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LETTER: Prince Edward Island can’t afford to pay the ‘bureaucrat premium’

Renaud Brossard is the interim Atlantic director for the Canadian Taxpayers Federation.
Renaud Brossard is the interim Atlantic director for the Canadian Taxpayers Federation. - Contributed

Renaud Brossard
Guest opinion


A government can’t afford to keep going further into debt forever. It’s a matter of math. Governments need to live within their means or jeopardize funding for essential programs.

Prince Edward Island’s $172 million deficit forecast this year is worrying. And while the pandemic certainly hasn’t helped, the province’s deficit is not just a temporary problem.

According to the non-partisan Parliamentary Budget Officer, P.E.I.’s budget is unsustainable. This means the province can expect to keep borrowing ever more money unless it addresses its spending problem.

The longer the government waits to address the deficit, the harder it will be as debt keeps piling on and interest payments keep going up.

Already, the provincial government spends $128 million – or one-third of its income tax revenue – on interest payments every year. And that number keeps going up with every new dollar it borrows.

That leads to an inescapable reality: the provincial government needs to find ways to save money.

Most importantly, the government needs to look at Prince Edward Island’s single-biggest source of expenditure: bureaucrats’ salaries.

In the last year alone, the government of Prince Edward Island used nearly 42 cents out of every dollar it spent to pay for government employees. This represents a $839 million expense for taxpayers.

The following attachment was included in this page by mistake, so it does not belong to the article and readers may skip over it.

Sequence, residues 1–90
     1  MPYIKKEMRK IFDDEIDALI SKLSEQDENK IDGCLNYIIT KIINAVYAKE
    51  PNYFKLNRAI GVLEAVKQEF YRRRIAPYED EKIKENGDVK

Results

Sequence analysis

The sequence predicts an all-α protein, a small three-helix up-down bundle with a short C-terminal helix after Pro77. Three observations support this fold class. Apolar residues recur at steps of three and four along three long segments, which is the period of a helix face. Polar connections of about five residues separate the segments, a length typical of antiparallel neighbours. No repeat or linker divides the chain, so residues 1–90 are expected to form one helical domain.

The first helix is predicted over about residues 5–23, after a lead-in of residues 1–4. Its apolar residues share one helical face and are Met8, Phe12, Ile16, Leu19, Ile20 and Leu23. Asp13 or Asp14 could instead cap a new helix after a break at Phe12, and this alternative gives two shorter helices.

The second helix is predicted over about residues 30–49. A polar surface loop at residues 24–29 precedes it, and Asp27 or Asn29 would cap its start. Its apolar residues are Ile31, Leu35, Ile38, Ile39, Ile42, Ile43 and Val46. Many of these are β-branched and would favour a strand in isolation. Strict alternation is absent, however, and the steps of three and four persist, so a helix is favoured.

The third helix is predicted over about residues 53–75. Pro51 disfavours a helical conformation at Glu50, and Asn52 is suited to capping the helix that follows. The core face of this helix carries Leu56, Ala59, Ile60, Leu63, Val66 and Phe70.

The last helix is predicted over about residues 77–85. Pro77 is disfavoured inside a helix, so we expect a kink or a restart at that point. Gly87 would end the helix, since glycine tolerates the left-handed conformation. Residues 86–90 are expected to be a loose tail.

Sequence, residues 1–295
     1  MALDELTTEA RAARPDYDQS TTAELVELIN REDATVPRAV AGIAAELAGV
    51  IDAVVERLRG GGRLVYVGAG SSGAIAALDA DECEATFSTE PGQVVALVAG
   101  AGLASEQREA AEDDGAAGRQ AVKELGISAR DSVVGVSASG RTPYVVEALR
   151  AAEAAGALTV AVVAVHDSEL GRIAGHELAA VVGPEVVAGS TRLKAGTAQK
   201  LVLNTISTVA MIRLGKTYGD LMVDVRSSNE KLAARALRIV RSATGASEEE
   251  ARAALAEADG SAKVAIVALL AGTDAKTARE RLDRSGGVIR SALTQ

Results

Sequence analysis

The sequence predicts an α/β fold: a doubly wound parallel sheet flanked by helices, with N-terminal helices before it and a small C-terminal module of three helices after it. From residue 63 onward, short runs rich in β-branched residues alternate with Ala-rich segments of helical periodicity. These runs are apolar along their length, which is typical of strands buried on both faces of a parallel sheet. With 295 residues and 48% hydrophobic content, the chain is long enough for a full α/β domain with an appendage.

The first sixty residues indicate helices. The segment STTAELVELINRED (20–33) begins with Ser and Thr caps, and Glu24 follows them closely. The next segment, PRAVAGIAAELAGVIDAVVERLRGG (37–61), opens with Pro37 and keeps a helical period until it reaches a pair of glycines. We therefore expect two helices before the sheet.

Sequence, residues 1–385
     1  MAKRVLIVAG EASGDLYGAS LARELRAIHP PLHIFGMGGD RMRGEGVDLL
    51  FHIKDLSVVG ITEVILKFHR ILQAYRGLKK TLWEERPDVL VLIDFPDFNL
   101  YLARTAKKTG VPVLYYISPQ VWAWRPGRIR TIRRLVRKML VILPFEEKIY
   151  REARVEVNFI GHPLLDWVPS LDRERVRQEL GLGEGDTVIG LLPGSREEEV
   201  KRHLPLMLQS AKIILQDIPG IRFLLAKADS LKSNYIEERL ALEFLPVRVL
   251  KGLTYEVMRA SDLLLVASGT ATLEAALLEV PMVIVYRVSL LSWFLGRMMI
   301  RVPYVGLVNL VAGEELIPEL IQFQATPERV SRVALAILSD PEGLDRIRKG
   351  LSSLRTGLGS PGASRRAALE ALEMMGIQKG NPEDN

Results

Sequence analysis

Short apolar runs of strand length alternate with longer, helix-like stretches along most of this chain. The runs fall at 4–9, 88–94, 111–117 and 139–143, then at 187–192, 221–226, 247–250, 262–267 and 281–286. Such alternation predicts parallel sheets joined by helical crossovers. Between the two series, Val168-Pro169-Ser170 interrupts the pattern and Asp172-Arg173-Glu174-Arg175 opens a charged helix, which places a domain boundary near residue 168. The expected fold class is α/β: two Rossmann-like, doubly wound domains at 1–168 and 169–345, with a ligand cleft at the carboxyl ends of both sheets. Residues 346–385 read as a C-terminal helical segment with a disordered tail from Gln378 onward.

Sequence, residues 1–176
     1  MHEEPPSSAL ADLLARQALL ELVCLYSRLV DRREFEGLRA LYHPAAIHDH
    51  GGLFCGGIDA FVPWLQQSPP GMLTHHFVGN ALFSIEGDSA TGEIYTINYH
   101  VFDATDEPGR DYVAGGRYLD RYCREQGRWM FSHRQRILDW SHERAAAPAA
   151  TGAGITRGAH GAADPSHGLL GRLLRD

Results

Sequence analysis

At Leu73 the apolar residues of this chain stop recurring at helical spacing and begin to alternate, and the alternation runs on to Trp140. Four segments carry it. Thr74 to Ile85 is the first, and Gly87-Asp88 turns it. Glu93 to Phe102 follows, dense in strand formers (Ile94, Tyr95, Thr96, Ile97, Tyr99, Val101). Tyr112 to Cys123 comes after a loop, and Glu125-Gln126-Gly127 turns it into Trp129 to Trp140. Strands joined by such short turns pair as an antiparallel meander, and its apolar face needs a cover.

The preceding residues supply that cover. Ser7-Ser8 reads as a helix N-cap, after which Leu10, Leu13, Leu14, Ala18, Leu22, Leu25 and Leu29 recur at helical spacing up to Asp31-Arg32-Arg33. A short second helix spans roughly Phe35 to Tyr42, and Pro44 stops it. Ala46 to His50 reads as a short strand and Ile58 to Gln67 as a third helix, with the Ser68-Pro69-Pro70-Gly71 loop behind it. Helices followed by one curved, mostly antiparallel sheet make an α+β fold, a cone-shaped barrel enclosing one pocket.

When compared to Islanders working in the private sector, bureaucrats earn a significant premium.

Employees working for the provincial government earn 16 per cent higher salaries than their private sector counterparts. That’s before we even consider the numerous benefits bureaucrats enjoy at taxpayers’ expense.

Take pensions for instance. Roughly three-quarters of all government staff in P.E.I. are covered by a generous pension. For private sector taxpayers, that number falls to one in eight.

And unlike private sector pensions, government employee pension plans help themselves to taxpayer bailouts when their pension plans underperform.

That’s how Islanders have been forced to cover $231 million in unfunded liabilities from the Civil Service Superannuation Fund and the Teachers’ Superannuation Fund between 2013 and 2022.

After these huge bailouts, the government renegotiated these pension plans. But taxpayers are still on the hook for 20 per cent of future shortfalls. Even worse, taxpayers had to hand over $396 million to government employees to compensate for those negotiated changes.

So not only are provincial government employees earning more money than private sector workers in Prince Edward Island, but they also enjoy many more benefits at the latter’s expense.

This discrepancy between bureaucrats and their private sector counterparts’ compensation represents $126 million in overpayments annually.

As the province is looking at a $172-million deficit, it needs to bring employee compensation back to a level similar to that of Islanders working in the private sector and end the bureaucrat premium.

Renaud Brossard is the interim Atlantic director for the Canadian Taxpayers Federation.

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